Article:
In preparation for this column, I was sent a PDF of Ichabod Jones:Monster Hunter issues 1 & 2. Upon “cracking the page” one is entered into an insane twirling landscape coming from the mind of creator/writer Russell Nohelty. The blistering manic artwork is provided by the talented Renzo Podesta. I just sat down and chatted with Russell for an hour. The rambling interview is below.
Who are you and Where are you from?
My name is Russell Nohelty. I grew up in Northern Va before moving to Los Angeles 4 years ago.
Were you always a comic book fan? If so, do you remember the first one your read?
I have always been a comic book fan. I collected as a kid, but when I got to college I just didn’t have to time or money to collect any more.
Luckily, when I started working in comics, I was able to start collecting again.
It’s hard to remember the exact first comic I read. I distinctly remember arc of comics I read as a kid like Knightfall, Death/Return of superman, Spider-Man clone saga. In fact, when I went home this year and found the first issue of Spider-Man 2099.
When did you know you wanted to become a comic creator/writer?
In high school I was in my school’s theater troupe. We collectively wrote and performed a one act play from scratch. That was probably the moment I knew I wanted to write.
Who are you major influences as a writer?
That’s a great question. It sounds cliche for people of my generation to say, but people like Joss Whedon, Shane Black. Tarrentino and Robert Rodriquez. I go back and look at Chuck Palahniuk books.
Really I admire anybody that can combine comedy and drama seemlessly.
Do you remember the first comic you ever created?
It actually wasn’t that long ago. My first comic was The Wannabes (www.wannabescomic.com). It was based off a tv series I developed years before.
Did the lessons you learned on The Wannabes assist you in developing Ichabod Jones?
Every comic book you develop teaches you something for your future comics. Wannabes taught me how to develop a script for the comic page, it’s much different than writing for TV, movies, web series, or any other medium.
Wannabes has a very cool manga-inspired style, but when I took it around to publishers, the Japanese publishers told me it was too American, and the american publishers told me it was too Japanese.
So it really helped me learn how to make a book that both I and a publisher would love.
Yes, I note that Ichabod Jones is published by Viper Comics, how did you go about finding them to publish your book?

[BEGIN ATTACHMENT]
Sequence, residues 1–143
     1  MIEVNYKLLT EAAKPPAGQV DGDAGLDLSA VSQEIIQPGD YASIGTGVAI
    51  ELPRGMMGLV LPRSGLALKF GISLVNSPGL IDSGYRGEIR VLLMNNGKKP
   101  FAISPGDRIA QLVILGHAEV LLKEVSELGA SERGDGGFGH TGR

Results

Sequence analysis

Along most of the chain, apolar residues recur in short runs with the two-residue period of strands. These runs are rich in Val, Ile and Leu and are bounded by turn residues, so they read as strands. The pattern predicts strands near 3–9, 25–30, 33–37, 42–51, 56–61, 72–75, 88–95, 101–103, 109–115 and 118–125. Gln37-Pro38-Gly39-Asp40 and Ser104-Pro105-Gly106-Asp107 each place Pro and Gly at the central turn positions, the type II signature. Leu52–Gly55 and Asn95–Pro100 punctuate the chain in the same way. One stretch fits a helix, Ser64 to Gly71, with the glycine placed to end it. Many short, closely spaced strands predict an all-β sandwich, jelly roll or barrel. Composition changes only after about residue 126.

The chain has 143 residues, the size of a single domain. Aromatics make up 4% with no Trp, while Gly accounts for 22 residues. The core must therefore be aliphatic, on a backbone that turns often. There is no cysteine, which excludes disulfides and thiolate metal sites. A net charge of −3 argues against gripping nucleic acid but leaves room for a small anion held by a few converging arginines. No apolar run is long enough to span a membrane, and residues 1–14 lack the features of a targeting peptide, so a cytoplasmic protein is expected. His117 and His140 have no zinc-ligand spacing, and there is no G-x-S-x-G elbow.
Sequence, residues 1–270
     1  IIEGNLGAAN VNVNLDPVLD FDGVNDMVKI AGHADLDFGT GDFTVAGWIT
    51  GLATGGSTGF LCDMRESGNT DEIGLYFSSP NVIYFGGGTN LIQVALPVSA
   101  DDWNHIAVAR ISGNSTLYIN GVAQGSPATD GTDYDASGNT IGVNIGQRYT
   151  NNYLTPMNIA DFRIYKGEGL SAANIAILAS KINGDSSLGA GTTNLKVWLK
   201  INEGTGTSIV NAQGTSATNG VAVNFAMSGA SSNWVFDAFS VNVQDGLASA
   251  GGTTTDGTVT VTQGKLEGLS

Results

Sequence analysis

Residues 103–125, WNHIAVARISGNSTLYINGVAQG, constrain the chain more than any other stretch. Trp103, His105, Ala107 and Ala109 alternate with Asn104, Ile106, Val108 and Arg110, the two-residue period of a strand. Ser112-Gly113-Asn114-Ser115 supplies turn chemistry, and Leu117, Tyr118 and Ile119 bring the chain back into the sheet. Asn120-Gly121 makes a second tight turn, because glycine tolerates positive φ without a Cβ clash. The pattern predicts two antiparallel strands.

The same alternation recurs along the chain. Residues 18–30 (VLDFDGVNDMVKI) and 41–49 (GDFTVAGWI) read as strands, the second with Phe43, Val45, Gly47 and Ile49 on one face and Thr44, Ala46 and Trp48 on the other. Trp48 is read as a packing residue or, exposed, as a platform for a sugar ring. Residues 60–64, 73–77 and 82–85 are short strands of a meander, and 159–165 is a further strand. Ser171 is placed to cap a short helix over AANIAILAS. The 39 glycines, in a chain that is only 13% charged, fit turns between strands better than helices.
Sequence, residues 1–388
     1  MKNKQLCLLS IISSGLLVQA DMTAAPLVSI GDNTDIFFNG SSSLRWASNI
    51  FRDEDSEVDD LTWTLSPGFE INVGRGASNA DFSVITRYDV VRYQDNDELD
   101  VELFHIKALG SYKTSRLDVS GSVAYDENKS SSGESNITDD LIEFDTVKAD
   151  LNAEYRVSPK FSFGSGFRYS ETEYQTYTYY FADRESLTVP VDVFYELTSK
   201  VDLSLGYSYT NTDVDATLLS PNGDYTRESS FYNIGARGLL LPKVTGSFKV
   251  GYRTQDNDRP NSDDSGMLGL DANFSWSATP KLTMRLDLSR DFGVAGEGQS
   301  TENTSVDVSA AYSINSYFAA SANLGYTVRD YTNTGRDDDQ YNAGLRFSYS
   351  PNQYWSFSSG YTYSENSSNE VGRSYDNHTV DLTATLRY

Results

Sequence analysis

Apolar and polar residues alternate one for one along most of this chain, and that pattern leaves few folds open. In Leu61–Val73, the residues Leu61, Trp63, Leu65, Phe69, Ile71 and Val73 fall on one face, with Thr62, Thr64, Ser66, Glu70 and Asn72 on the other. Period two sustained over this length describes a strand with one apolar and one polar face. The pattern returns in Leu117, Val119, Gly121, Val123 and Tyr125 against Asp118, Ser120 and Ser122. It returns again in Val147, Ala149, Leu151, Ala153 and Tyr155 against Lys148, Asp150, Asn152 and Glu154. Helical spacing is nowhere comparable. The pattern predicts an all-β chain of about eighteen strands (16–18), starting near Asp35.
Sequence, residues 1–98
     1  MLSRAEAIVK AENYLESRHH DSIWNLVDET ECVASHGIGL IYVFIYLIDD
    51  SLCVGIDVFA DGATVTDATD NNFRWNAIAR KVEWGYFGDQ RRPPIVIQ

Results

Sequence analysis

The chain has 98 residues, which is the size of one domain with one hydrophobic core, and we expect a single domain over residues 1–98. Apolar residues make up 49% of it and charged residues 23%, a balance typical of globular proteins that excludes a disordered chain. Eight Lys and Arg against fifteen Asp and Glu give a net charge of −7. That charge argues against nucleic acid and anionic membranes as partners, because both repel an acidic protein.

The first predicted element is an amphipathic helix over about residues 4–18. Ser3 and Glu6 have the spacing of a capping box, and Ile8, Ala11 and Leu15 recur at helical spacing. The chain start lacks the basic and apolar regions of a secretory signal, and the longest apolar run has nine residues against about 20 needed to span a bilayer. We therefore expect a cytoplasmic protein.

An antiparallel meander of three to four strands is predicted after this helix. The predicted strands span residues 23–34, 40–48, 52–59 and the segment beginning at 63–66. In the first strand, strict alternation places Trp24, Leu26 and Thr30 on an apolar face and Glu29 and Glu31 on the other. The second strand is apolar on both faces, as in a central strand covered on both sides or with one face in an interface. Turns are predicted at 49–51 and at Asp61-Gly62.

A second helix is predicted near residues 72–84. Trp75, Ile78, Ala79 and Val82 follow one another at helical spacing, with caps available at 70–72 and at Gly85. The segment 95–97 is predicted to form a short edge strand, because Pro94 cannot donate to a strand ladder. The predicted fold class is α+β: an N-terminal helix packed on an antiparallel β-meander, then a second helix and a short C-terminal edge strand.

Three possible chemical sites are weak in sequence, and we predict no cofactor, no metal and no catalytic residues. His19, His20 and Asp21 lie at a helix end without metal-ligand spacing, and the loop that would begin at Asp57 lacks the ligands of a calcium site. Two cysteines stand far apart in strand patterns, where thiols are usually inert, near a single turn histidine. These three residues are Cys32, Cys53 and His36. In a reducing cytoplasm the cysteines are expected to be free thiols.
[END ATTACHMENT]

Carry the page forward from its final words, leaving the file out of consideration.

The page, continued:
Honestly, I cold-emailed their submissions department and almost immediately heard back from Jessie that he wanted to look it over. I know most people don’t have success doing that, but it worked for me.
I think it definitely helped that the art was so unique and beautiful while being horrific.
That art style helps it stand out from the crowd, which is one of the most important lessons I’ve learned so far.
Yes, in issue one of Ichabod Jones you keep the action coming fast and furious. It definitely gets the adrenaline rushing. Where did the idea come from?
Going back to Wannabes, I’d come home bitter and disgruntled. I set out to figure out the craziest, most insane story I could. One that no publisher could possible be insane enough to publish.
I was driving to a meeting, and it just came to me. It was one of those moments of divine intervention when everything comes together. The story came together in a matter of days.
Tell us a little bit about the concept.
Ichabod is a psychopath that’s been interred in an asylum because a voice in his head convinced him to murder countless people.
That’s all before the story begins.
ICHABOD JONES: MONSTER HUNTER is the disturbed, creepy, twisted and often brutal tale of one man’s journey to destroy all the evil in the world.
Ichabod Jones follows the exploits of an insane and fundamentally deranged mental patient that escapes from a maximum security asylum to rid the world of monsters during the Apocalypse with the (usually unwelcome) help of the omniscient, impatient, and authoritative voice in his head.